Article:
After the warehouse I went to play a board game with some friends a few stops away from Yongmun. It was my first time to their apt. and to Galma station so I was met at the station and led to the abode. Apartments for couples in Korea are more than twice the size of a single- which makes sense I guess, but it's bewildering to go from my dorm room size apartment to a regularly sized apartment with a living room and spare room!
So the game is Settlers of Catan and it's quickly becoming an addiction. I had played it only once in the states and it left a good impression then, but now that I'm playing it more... totally dig it. Even if my current record is 0-3... that will change, I will add my name to the list o' champions.

Well, I'ves succesfully spent about 22 minutes writing in my blog, that leaves me with a little more than 300 minutes before I can go home... Expect more from me before the day is over.

Wednesday, September 15, 2010

K Pop!

Classes this week have been going really well. Ok, so mostly well. I had one activity totally bomb- I had a premonition that it would so I had kind of prepared a back up (go me!). Turns out that 3rd graders can't really handle the Kimbab English game (speed dating game)- but they could handle a rock paper scissors tournament style game using picture cards. Must say that my coteacher made this game WAY better than I had anticipated by adding the competitiveness and bragging rights- she deserves alllll the credit.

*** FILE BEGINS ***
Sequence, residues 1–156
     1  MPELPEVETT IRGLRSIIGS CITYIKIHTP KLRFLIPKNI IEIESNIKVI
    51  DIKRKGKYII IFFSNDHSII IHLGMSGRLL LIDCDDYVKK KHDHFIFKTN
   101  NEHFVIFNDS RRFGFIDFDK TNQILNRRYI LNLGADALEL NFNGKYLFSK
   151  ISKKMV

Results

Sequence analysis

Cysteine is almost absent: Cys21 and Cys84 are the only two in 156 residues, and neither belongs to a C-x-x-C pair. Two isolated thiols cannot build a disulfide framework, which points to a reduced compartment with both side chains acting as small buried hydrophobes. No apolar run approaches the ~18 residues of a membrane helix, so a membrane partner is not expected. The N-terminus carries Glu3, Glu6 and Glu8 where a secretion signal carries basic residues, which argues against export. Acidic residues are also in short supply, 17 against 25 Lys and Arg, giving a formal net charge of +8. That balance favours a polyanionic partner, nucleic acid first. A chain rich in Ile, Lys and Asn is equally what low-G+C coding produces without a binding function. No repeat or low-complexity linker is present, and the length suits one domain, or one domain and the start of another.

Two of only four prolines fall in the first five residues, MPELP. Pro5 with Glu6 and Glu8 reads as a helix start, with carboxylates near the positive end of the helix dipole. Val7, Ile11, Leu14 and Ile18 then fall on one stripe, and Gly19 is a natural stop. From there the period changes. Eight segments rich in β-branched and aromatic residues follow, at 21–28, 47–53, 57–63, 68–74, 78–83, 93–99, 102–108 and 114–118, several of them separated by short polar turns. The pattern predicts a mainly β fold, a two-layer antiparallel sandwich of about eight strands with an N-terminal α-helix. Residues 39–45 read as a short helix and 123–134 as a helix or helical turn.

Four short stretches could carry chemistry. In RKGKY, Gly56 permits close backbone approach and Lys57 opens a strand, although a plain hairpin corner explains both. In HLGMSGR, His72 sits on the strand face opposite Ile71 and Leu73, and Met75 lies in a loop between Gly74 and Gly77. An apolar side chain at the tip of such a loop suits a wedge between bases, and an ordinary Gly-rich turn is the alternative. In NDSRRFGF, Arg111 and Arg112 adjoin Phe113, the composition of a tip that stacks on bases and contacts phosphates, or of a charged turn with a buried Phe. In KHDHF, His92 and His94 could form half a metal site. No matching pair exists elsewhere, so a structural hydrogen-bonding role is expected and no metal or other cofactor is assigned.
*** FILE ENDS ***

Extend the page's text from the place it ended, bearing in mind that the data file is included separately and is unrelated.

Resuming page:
Students pop out ten cards from the back of their book, all with pictures on one side and a number on the back.
They hold up one card each and take turns saying, "How many (object on card) do you have?" Then they play rock, paper, scissors (they never learned to say 'shoot' here so they just throw it down on 'scissors'... threw me off for a while). The winner gets to say how many they have "I have seven (object)" and they stick their tongue out at the loser in a playful manner. The winner puts their card on the table, moving them down to nine cards, and the loser just moves their card to the back of the pile, so they remain at ten. The ultimate winner is declared when one student has no cards left in their hand!
The kids ate it up, they loved it!

I taught grade four students today. Probably the best classes I've taught so far... maybe ever? I don't really feel like explaining what I did right now- but it was brilliant. Again much credit goes to my fabulous coteacher. I think we're starting to get the swing of things and figure out how to "tag team teach" as the kids say these days.